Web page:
Posted by frank schirrmeister on February 23, 2011
A trip up to Mount Tamalpais can not only be fun, it can change perspectives. It did hit me again when enjoying the panoramic view from up there, that system-level design value is hard to articulate. When taking the “View from the Top” perspective, one is so far away from the actual design implementation that value is pretty straightforward to understand but hard to translate into actual dollars. That is indeed a challenge we find in electronic system-level design as well.
The bay area is certainly created in a quite stunning fashion, I am enclosing the picture above as proof. I have used the analogy of “world design” to explain system-level design before, so this was living proof.
Our day up there was meant to take our minds off the house re-modeling, specifically the issues with the floor and ceiling height in the to-be-remodeled family room. On the architectural plan everything looked straight forward. Quite a contrast now while we are in implementation. The dry-wall is off, a fact that causes immediate regret given the bad shape the ceiling beams. Not to mention the floor height being off by an inch and the ceiling height changing between the kitchen and the family room.
No problem, says my contractor. Well, good for him. At this point I really have only limited options to proceed. Stopping the project is not really an option, so I will pay the additional amount in tools and work to get it done.
It all sounds so familiar from being in system-level design for as long as I have. And yes, I will get in trouble for having had work-thoughts on this trip to Mount Tamalpais. When a design team is 2 weeks prior to tape out, they will probably put up the money for additional resources and tools to achieve timing closure, the last ECO etc. In the backend of chip design the proximity to tape out is so close to what the designer is doing, that the value of adding resources and tools is obvious. Unfortunately for us in system-level design, the value gets harder to explain the farther one is away from tape out. The same guy putting up the licenses to close on timing two weeks prior to tape out, is typically much harder to convince 2 years in advance to tape out to spend money on system-level tools.
On the software side we have done a better job articulating the value of parallelizing software and hardware development. On the pure hardware side it may turn out that the only way to get over this issue to get closer to implementation. That does not necessarily mean that everything has to be automatically created from early system-level descriptions, but the predictability and correlation of early results with the implementation details will have to increase. This means the loop of abstracting and characterizing data from the actual technology implementation will widen even more. We have seen first cases of that in last years System-Level Reference Flow 11 for TSMC, in which implementation details from the implementation technology have been abstracted all the way up to the system-level.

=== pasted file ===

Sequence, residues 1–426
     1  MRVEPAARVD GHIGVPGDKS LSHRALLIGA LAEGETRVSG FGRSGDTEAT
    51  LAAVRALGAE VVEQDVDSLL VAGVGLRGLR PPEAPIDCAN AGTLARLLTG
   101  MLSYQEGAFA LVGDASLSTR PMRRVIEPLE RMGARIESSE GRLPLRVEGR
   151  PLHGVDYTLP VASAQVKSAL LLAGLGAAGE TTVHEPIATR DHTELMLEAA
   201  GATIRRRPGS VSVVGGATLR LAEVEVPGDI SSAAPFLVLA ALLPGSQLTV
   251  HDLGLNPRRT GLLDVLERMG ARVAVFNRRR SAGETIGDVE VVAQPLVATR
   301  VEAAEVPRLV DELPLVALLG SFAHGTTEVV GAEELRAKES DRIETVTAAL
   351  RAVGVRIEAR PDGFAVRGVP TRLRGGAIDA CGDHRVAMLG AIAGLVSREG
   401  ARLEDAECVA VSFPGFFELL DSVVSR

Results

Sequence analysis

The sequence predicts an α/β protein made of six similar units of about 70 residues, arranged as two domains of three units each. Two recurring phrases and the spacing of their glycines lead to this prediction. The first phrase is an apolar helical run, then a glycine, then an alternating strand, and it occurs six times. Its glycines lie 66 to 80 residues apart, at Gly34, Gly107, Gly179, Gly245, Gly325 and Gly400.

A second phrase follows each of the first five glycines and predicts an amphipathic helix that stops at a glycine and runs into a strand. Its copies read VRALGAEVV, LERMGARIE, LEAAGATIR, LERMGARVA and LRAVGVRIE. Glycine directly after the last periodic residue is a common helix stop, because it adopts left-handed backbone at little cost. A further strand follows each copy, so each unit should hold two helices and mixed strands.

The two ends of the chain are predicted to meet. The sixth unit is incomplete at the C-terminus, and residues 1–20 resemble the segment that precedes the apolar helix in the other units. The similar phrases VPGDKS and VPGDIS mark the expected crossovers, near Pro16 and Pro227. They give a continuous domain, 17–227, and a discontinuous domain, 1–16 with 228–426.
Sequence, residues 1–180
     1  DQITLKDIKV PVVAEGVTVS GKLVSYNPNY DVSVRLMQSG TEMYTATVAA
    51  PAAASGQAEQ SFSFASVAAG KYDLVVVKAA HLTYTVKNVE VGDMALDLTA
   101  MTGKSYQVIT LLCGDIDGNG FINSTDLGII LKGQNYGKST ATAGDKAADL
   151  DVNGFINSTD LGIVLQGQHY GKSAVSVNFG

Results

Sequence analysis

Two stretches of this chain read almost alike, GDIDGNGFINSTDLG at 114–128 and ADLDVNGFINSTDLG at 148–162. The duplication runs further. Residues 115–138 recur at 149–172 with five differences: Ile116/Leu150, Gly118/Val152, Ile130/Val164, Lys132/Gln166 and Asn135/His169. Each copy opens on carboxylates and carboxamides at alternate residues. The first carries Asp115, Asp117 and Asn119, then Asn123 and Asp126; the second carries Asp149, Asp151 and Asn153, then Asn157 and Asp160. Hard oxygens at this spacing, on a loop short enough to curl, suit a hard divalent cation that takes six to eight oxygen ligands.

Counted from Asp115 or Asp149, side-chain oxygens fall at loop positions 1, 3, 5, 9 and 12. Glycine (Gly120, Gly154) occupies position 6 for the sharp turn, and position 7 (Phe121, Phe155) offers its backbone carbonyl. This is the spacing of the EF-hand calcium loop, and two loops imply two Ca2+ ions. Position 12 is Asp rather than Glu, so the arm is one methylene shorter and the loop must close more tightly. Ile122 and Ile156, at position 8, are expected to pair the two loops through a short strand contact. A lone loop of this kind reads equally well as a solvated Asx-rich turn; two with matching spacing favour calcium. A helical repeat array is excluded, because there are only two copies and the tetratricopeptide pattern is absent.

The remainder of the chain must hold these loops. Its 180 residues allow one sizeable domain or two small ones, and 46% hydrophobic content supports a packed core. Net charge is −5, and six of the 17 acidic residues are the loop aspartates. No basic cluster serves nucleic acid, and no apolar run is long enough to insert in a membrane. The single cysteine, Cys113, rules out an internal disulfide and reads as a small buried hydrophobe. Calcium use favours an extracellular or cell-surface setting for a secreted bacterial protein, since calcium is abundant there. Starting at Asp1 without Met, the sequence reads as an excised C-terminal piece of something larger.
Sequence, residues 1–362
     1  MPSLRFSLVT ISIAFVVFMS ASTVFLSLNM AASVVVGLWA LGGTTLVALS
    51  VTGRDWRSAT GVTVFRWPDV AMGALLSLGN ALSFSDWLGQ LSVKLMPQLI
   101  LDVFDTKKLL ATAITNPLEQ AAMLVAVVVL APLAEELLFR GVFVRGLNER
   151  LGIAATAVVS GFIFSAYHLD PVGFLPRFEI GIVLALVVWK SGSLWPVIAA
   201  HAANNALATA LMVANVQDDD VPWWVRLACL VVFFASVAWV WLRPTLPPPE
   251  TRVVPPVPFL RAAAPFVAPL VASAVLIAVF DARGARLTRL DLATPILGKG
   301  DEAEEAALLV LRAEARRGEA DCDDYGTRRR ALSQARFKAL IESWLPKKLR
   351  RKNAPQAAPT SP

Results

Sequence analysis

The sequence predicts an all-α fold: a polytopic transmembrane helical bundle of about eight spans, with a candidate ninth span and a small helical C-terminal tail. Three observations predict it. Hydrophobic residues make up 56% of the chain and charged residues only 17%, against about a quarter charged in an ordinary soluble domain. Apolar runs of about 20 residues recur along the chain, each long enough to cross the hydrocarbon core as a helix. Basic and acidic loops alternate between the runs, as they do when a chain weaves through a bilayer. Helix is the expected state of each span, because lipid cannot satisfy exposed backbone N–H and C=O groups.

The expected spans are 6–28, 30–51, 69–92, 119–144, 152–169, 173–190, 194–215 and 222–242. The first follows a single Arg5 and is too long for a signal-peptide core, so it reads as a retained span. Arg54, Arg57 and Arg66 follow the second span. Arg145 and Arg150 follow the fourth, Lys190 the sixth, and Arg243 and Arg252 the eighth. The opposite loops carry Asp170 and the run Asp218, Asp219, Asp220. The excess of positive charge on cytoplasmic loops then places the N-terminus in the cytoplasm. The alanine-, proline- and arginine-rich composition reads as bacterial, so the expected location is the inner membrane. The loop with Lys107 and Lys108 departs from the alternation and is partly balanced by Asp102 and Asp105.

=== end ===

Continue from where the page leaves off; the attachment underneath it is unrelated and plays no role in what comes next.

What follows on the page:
Back to our home re-model here – there was no way for the architect to know how the beams in the ceiling looked like. He worked under the assumption that everything had done up to code, which is the equivalent of relying on implementation details being done the right way. Sometimes double-checking and confirming can help tremendously …
Patrick Sheridan is responsible for Synopsys' system-level solution for virtual prototyping. In addition to his responsibilities at Synopsys, from 2005 through 2011 he served as the Executive Director of the Open SystemC Initiative (now part of the Accellera Systems Initiative). Mr. Sheridan has 30 years of experience in the marketing and business development of high technology hardware and software products for Silicon Valley companies.
Malte Doerper is responsible for driving the software oriented virtual prototyping business at Synopsys. Today he is based in Mountain View, California. Malte also spent over 7 years in Tokyo, Japan, where he led the customer facing program management practice for the Synopsys system-level products. Malte has over 12 years’ experiences in all aspects of system-level design ranging from research, engineering, product management and business development. Malte joined Synopsys through the CoWare acquisition, before CoWare he worked as researcher at the Institute for Integrated Signal Processing Systems at the Aachen University of Technology, Germany.
Tom De Schutter
Tom De Schutter is responsible for driving the physical prototyping business at Synopsys. He joined Synopsys through the acquisition of CoWare where he was the product marketing manager for transaction-level models. Tom has over 10 years of experience in system-level design through different marketing and engineering roles. Before joining the marketing team he led the transaction-level modeling team at CoWare.